moneyWe have all heard of lottery winners who went from rags to riches in an instant. Most of us have imagined it happening to us. But most of us have also heard stories of those same lottery winners and how years later they are even worse off than they were before they won the lottery. Test me on this: do a Google search for “what happens to lottery winners.” The results are staggering and ultimately depressing.

It is not just lottery winners that have trouble handling their new found fortunes. Rock stars strike it big with one hit song, collect millions of fans, and all the fame you could want. And then some nose dive. They lose their millions and end up living in trailers. Some find money is more trouble than it is peace. They end up addicted to drugs (Jon Bonham – Led Zeppelin), in jail (Gary Glitter, Tommy Lee), or kill themselves (Kurt Cobain – Nirvana). Some are murdered like the Notorious BIG. Look at the trouble our young stars like Britney Spears, Lindsey Lohan, and Paris Hilton get into.

ESPN The Magazine just ran a fantastic article from Rick Reilly about how to lose/spend millions after signing a big contract. He brought up great examples of Jack Clark’s 18 cars and Evander Holyfield’s 54,000 square foot house and Scottie Pippen’s private jet.

We think people should be all set if they get one contract. We certainly would be, wouldn’t we? But the stories of mistakes and failure could go on and on. The reason for failure is simple. These people were not prepared to handle the responsibility. They hadn’t developed the characteristics needed to survive and thrive with money, fame, and the pressure that goes with it.

Think about it for a minute. What kind of house would you rather have? One that was painstakingly built over months. One that each wall and every beam was tested. One that a lot of thought and care was put into the plans and execution so that every little detail was taken care of. Or one that was built in a week. Of course we would choose the first house. (We all know the story of the three pigs!) But the same holds true for success in life. If you do not have the characteristics that make you a successful person, it is hard to be one. If you do not prepare for success, then it can be hard to handle it.

I would love to trade places with the people that failed to handle their money. I think I would handle their millions much better than they ever did. But then I look at how much money I have made in the last ten years. For argument’s sake, let’s say I made $30,000 a year for the last ten years. That means I have made $300,000 dollars. Well, how much of that money is sitting in the bank right now? Or, if I have spent it, what do I have to show? It is surprising when we break down our income like this. I bet most of us are wondering where all the money has gone that we have earned.

That’s why wanting is not enough. Begin building a strong foundation, so that when you get what you want, you are ready to handle it.

If you want a wife, then begin preparing yourself to be a good husband. Put down the toilet seat. Organize your tools. Put away a few dollars for a nice honeymoon. Learn how to dance. Compliment your female co-workers and not on how sexy they look in that skirt. Notice other things, like the fact they cut their hair, or how well they articulated that strategy in that meeting, or ask them how their daughter did in the soccer game. Take your mother out to dinner and open the door for your sister. Then, when a woman comes along that you can’t live without, you know how to treat her so that you can live with a measure of happiness for the rest of your lives.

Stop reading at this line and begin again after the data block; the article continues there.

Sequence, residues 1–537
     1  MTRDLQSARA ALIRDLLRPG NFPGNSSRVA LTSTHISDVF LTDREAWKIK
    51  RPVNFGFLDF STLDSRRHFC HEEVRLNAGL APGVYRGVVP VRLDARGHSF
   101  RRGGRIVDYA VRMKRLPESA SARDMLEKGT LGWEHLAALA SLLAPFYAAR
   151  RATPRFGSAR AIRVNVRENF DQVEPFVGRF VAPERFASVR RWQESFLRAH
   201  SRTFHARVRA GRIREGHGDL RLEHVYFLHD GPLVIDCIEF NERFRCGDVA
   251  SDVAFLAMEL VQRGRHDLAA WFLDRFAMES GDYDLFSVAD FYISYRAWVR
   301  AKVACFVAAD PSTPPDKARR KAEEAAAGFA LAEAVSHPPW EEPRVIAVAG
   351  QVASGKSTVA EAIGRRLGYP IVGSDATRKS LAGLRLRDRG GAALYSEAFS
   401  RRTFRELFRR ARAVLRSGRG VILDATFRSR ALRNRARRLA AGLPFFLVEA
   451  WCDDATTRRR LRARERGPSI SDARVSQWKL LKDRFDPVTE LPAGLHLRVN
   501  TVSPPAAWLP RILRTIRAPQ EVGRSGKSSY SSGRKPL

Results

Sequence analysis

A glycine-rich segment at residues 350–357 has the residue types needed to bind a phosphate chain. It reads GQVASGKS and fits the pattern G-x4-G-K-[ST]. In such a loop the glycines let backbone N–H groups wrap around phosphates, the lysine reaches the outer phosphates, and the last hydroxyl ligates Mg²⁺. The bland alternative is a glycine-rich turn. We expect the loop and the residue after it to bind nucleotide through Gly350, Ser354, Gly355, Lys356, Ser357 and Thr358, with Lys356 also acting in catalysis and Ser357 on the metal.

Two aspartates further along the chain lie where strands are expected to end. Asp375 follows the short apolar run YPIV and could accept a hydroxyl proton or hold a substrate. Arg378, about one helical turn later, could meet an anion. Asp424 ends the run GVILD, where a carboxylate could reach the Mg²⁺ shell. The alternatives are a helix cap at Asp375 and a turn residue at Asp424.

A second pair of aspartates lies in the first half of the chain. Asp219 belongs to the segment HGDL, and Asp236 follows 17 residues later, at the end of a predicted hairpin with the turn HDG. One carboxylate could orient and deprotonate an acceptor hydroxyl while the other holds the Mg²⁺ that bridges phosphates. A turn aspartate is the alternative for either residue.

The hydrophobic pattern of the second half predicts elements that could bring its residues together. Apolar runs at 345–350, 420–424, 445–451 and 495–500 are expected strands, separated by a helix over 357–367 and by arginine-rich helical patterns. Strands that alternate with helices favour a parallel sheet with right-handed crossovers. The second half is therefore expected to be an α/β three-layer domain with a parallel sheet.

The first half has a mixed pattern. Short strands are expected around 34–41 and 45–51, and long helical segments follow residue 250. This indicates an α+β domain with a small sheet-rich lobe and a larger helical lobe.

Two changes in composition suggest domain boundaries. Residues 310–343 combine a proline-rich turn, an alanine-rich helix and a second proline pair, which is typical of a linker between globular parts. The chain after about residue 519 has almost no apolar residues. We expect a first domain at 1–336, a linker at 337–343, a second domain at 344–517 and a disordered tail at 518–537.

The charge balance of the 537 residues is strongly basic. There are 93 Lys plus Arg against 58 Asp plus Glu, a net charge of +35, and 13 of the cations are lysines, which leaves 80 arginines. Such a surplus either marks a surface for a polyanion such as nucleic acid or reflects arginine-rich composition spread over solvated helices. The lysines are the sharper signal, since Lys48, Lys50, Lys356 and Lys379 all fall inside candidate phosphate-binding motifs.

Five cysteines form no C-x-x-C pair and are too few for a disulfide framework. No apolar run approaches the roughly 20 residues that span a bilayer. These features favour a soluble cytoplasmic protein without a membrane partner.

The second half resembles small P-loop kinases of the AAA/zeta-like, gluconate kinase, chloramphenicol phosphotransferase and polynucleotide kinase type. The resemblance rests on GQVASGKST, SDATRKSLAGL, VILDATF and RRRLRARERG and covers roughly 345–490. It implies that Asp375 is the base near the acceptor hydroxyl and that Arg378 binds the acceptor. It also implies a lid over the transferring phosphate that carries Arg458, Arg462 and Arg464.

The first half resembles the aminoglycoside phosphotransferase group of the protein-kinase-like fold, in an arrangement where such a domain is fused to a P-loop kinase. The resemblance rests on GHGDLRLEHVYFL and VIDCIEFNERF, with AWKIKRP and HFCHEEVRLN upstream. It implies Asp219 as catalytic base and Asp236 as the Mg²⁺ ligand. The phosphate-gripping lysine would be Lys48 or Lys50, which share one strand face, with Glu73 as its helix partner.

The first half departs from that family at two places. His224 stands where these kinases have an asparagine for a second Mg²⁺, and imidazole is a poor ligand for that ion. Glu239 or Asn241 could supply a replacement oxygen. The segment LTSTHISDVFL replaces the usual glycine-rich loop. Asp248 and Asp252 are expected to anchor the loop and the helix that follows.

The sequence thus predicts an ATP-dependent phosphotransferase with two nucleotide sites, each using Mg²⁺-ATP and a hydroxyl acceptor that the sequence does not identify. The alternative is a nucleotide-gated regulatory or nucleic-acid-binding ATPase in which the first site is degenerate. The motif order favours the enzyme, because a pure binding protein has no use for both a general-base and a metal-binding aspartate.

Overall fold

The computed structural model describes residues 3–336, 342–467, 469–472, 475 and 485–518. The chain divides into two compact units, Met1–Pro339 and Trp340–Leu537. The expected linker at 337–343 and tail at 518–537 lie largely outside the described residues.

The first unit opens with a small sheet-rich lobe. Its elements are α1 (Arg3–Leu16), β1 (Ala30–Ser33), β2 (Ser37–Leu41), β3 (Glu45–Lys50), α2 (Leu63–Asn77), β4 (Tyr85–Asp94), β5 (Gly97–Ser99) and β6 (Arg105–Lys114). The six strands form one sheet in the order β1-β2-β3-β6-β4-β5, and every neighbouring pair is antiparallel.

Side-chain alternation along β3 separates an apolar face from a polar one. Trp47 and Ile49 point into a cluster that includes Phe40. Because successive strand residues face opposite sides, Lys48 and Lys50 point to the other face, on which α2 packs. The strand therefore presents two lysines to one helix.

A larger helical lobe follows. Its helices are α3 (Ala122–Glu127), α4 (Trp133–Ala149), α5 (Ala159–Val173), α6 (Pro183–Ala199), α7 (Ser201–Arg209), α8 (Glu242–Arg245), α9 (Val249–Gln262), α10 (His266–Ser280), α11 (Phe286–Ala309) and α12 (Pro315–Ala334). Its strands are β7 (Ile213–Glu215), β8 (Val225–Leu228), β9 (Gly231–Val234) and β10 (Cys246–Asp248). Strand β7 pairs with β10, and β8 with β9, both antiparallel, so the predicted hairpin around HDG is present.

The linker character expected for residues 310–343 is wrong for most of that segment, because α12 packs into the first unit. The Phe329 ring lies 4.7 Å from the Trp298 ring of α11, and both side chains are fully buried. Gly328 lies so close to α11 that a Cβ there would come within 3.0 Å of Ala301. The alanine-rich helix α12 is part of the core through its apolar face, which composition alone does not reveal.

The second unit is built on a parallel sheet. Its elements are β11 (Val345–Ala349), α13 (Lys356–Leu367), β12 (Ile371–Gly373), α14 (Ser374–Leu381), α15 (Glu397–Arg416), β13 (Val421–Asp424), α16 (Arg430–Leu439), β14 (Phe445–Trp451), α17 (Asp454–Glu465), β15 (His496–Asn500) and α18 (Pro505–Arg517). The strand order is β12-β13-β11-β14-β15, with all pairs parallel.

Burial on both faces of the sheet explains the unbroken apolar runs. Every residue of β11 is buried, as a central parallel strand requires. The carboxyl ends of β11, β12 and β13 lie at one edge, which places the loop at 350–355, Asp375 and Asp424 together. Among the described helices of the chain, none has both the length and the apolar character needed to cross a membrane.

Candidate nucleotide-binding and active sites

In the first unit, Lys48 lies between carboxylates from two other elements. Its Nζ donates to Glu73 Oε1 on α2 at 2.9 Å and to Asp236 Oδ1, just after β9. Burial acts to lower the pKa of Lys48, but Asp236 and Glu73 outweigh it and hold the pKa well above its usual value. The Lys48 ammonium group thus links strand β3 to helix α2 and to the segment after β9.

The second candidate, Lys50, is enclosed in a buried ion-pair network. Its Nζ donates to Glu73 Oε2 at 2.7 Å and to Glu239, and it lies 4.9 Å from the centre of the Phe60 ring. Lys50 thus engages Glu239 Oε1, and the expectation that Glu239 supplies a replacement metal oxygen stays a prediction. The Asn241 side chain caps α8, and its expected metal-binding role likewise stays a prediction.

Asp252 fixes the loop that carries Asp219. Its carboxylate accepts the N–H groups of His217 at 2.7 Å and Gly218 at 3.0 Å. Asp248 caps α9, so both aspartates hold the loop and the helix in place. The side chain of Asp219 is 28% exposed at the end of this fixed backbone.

If you want to be a mother, then ask to baby-sit a few children every fourth Saturday. Offer to take your niece for a night so that your brother and his wife can have a night to themselves. Volunteer in the baby ward during church service on Sunday. If you do things like this, you might just know how to treat your own child’s cold, or how much attention babies need, or what it is like to shush a child who just won’t stop crying.

If you want to have a lot of money, start managing the money you do have better. Don’t buy every shirt that looks nice on the mannequin. Cook your own food rather than going out to eat every week. Put money toward bills, rather than earning interest on them that you have to pay too. Start putting money away in a special bank account for that trip, or that new car, or that fabulous diamond necklace you’ve been eyeing. If you do these kind of things you may just get a million dollars one day and know how to handle it.

Build strong foundations to prepare yourself for future responsibilities.

One of my favorite movie scenes occurs in The Princess Bride when Westley is pursuing his lady love, Buttercup, who has been taken by Vizzini. Vizzini challenges him to a battle of wits for the princess. Two cups of wine are poured, and one is filled with poison. Vizzini tries to determine which cup Westley poisoned by deductive reasoning. However, he fails to realize that Westley has poisoned both cups. Vizzini dies, but Westley does not. Why? Because for years, Westley had slowly acclimated himself to the poison so that he could take it in large doses and not die.

Good foundations are built over a long time, like quality houses, but they will prepare you for that one strategic moment (a wedding, a battle, a fat new contract, a baby, a move to the big city) that directs the course and quality of the rest of your life.

© Seth Crossman

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